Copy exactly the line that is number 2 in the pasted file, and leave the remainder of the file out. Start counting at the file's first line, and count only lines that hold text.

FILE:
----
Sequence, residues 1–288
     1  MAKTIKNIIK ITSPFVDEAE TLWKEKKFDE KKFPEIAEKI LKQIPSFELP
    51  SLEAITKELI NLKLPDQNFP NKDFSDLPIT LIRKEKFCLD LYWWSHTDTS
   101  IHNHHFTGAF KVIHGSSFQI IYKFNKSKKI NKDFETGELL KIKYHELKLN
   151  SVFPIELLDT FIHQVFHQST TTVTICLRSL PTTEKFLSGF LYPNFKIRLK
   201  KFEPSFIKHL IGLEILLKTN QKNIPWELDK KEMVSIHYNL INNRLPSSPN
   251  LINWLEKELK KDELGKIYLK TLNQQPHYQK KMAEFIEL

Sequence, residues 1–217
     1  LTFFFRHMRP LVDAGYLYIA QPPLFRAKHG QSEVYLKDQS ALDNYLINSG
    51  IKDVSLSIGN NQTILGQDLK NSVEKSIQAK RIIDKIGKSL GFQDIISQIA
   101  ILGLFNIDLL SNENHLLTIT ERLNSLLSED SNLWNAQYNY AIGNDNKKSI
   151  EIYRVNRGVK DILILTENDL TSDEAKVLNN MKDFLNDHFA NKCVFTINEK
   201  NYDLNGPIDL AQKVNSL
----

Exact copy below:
     1  MAKTIKNIIK ITSPFVDEAE TLWKEKKFDE KKFPEIAEKI LKQIPSFELP